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also Khar·tum  (kär-to͞om′)
The capital of Sudan, in the east-central part of the country at the confluence of the Blue Nile and the White Nile. Founded c. 1821 as an Egyptian army camp, it was destroyed by Mahdists in 1885. Lord Kitchener retook the city in 1898 and oversaw its rebuilding.
American Heritage® Dictionary of the English Language, Fifth Edition. Copyright © 2016 by Houghton Mifflin Harcourt Publishing Company. Published by Houghton Mifflin Harcourt Publishing Company. All rights reserved.


(kɑːˈtuːm) or


(Placename) the capital of Sudan, at the junction of the Blue and the White Nile: with adjoining Khartoum North and Omdurman, the largest conurbation in the country; destroyed by the Mahdists in 1885 when General Gordon was killed; seat of the Anglo-Egyptian government of Sudan until 1954, then capital of the new republic. Pop: 4 495 000 (2005 est)
Collins English Dictionary – Complete and Unabridged, 12th Edition 2014 © HarperCollins Publishers 1991, 1994, 1998, 2000, 2003, 2006, 2007, 2009, 2011, 2014


or Khar•tum


the capital of the Sudan, at the junction of the White and Blue Nile rivers. 924,505.
Random House Kernerman Webster's College Dictionary, © 2010 K Dictionaries Ltd. Copyright 2005, 1997, 1991 by Random House, Inc. All rights reserved.
ThesaurusAntonymsRelated WordsSynonymsLegend:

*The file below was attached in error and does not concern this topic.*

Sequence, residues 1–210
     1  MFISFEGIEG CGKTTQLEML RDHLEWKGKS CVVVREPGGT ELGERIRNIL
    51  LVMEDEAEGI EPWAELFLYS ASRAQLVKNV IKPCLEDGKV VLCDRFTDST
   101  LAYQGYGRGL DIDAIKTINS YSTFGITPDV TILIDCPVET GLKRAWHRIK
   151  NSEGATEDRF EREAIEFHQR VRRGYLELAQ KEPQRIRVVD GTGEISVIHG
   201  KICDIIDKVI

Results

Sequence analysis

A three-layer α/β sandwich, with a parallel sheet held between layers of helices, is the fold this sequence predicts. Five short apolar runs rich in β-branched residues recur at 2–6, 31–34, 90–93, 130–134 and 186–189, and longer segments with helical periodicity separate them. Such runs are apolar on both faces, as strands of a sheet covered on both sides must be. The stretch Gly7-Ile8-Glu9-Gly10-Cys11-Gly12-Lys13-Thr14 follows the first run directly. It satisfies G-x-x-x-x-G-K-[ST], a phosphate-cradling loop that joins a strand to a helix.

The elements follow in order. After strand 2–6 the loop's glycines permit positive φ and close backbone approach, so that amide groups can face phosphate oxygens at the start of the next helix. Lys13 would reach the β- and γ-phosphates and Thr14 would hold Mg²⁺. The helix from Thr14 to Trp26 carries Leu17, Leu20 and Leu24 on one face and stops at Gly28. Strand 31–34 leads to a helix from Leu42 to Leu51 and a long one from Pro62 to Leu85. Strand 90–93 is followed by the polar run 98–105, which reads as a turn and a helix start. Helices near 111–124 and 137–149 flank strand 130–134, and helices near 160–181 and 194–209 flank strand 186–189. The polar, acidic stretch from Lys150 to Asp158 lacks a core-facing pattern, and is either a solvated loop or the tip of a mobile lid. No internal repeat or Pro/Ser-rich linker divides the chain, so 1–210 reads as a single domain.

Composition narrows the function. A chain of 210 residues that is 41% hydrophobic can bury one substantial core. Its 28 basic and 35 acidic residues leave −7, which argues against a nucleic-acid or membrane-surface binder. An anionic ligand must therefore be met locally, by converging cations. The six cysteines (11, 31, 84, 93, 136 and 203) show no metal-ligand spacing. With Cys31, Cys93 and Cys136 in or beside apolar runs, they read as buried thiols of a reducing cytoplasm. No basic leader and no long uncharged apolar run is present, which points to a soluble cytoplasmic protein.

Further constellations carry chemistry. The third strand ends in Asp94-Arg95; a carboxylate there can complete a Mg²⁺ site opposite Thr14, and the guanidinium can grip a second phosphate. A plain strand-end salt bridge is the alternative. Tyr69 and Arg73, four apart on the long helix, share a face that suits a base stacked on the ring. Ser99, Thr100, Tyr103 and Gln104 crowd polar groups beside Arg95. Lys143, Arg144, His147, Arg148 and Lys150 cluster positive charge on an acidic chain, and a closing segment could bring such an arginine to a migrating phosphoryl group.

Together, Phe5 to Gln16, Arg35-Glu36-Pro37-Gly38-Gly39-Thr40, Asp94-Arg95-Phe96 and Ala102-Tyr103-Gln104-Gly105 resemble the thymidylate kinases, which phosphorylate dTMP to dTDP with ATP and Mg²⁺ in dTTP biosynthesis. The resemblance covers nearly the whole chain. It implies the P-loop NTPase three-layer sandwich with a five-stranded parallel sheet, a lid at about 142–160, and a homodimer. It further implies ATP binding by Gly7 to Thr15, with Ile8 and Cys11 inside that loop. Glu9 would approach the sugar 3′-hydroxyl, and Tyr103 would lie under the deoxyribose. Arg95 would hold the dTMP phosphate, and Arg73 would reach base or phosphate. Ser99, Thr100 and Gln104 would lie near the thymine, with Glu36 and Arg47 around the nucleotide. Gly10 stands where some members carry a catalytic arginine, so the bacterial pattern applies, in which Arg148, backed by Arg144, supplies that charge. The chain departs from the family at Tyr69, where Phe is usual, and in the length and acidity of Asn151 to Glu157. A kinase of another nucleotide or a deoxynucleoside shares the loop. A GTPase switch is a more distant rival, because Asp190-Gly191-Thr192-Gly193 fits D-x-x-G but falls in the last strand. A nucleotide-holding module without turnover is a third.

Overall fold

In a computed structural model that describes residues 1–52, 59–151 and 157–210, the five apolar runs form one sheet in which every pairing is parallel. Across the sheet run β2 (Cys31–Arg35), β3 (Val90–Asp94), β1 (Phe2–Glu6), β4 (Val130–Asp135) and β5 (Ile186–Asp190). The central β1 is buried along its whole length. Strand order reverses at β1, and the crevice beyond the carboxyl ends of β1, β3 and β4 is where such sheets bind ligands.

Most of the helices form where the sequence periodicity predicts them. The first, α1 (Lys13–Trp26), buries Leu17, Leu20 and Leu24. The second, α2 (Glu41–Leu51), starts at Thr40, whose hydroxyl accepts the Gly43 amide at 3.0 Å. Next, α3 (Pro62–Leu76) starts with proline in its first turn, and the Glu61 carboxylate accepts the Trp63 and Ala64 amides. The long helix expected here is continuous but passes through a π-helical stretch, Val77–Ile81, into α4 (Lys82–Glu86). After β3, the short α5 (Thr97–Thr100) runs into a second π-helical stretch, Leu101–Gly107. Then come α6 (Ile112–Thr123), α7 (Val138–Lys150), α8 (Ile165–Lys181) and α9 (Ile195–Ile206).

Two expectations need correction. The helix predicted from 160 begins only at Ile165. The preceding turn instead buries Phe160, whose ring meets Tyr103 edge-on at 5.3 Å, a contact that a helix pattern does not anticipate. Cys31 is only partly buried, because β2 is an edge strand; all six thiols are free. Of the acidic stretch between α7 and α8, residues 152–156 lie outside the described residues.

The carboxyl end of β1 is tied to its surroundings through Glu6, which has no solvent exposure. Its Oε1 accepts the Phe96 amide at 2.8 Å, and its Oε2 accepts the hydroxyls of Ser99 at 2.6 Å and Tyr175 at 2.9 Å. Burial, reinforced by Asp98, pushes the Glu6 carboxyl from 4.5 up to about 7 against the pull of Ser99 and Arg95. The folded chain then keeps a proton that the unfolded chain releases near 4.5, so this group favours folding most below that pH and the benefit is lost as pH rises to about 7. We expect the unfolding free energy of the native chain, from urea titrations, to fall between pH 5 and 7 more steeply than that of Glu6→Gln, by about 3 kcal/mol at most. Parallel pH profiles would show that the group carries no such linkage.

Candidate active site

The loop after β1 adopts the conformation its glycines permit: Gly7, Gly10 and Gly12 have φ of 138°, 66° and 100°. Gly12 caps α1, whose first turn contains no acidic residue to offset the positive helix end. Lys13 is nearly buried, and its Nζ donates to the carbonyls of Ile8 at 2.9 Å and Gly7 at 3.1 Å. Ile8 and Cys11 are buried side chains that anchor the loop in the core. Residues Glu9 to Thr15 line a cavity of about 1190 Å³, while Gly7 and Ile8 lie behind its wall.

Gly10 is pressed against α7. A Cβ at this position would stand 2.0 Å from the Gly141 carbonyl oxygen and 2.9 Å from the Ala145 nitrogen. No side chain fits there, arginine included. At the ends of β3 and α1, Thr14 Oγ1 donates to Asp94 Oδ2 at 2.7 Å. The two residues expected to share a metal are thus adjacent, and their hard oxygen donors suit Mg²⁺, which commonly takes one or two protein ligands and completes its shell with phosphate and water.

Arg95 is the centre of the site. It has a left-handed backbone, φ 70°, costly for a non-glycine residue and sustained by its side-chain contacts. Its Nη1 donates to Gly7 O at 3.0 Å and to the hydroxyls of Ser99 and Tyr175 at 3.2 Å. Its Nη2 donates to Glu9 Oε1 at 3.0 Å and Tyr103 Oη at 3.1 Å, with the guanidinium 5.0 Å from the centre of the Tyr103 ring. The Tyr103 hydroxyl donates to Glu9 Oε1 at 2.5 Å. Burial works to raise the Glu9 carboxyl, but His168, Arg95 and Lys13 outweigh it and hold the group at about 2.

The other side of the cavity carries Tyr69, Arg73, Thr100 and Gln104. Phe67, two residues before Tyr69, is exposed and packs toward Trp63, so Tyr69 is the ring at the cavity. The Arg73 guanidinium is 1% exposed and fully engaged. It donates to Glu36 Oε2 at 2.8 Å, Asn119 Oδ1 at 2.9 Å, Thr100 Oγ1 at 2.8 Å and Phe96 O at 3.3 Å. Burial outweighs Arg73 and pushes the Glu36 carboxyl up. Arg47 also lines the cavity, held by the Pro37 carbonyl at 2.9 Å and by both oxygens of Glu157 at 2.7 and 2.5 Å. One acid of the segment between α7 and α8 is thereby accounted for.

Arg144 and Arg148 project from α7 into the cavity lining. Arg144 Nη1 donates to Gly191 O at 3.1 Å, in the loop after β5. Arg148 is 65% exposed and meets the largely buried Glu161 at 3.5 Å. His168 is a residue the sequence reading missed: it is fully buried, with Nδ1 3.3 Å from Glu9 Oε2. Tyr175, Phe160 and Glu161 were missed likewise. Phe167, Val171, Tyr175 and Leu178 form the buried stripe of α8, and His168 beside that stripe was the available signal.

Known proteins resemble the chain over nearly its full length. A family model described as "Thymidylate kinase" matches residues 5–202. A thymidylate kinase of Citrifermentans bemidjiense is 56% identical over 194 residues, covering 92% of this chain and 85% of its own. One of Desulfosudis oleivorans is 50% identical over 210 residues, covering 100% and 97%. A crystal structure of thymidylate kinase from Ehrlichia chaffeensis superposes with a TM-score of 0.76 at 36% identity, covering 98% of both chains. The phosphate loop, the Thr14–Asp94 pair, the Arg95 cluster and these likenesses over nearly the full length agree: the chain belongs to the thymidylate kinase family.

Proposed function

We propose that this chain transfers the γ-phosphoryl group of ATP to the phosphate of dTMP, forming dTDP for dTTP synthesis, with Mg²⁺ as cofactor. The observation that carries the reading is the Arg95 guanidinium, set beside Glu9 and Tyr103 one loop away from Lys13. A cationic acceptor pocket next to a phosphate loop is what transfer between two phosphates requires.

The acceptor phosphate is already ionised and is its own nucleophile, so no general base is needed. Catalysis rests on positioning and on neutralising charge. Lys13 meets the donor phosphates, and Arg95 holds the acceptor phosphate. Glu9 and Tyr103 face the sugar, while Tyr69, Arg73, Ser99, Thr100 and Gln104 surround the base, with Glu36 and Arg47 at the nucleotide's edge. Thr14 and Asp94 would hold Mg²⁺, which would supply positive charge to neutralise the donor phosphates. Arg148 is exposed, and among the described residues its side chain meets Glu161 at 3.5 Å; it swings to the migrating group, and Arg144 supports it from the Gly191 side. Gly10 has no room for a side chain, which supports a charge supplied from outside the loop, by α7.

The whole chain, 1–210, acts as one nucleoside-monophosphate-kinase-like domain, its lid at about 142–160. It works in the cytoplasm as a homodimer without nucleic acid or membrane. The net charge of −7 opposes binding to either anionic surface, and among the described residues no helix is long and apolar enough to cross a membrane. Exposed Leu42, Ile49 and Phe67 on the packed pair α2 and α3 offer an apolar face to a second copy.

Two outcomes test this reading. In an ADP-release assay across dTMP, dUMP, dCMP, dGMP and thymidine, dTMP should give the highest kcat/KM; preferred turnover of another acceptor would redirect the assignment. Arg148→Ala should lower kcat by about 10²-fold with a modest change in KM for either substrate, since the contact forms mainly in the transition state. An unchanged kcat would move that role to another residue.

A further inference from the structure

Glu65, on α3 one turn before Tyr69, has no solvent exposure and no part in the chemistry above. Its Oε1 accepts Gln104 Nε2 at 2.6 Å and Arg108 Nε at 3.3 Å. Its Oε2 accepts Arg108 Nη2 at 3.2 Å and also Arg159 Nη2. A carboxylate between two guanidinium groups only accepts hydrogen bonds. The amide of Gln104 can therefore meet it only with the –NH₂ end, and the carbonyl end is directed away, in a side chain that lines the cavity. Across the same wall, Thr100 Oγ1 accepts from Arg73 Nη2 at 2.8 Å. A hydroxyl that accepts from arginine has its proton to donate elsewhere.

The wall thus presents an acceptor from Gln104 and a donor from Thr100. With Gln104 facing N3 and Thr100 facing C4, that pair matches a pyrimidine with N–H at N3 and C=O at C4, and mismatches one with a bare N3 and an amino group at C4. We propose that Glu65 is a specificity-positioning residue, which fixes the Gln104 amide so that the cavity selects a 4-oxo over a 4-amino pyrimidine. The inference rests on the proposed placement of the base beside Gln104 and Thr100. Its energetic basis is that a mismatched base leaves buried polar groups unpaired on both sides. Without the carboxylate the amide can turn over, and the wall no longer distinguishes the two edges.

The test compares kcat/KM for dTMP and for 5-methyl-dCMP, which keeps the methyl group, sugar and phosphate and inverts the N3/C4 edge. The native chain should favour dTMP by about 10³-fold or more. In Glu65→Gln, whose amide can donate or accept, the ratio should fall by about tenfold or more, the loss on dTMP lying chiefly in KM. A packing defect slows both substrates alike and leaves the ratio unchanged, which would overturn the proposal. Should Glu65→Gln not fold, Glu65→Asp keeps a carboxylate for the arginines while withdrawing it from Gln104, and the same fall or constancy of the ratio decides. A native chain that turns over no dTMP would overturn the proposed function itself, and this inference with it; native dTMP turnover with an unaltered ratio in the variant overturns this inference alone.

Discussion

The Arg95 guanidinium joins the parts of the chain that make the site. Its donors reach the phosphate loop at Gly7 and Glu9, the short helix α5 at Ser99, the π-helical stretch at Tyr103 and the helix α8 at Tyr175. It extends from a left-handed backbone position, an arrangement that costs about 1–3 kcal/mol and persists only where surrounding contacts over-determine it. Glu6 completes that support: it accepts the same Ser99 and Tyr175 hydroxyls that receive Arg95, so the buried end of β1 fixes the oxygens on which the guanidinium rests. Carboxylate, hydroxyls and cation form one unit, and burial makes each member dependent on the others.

Noun1.Khartoum - the capital of Sudan located at the confluence of the Blue Nile and White NileKhartoum - the capital of Sudan located at the confluence of the Blue Nile and White Nile
Republic of the Sudan, Soudan, Sudan - a republic in northeastern Africa on the Red Sea; achieved independence from Egypt and the United Kingdom in 1956
Based on WordNet 3.0, Farlex clipart collection. © 2003-2012 Princeton University, Farlex Inc.


[kɑːˈtuːm] NJartum m
Collins Spanish Dictionary - Complete and Unabridged 8th Edition 2005 © William Collins Sons & Co. Ltd. 1971, 1988 © HarperCollins Publishers 1992, 1993, 1996, 1997, 2000, 2003, 2005
References in periodicals archive ?
For example, an agreement dated 7 July 1935 between Britain's Imperial Airways and Ala Littoria enabled Ala Littoria passengers to fly on Imperial planes between Brindisi and Al Khurtum (via Cairo), which was part of the British airline's route to South Africa.
(42) The Imperial Line's main route, through Al Khurtum, was operated three times per week until April 1937, and subsequently increased to four times per week to Asmara and Addis Ababa from Rome.
(54) Eden stated that Britain would be open to permitting Ala Littoria to land in Al Khurtum, Sudan, in exchange for landing rights in Bracciano for Imperial Airways.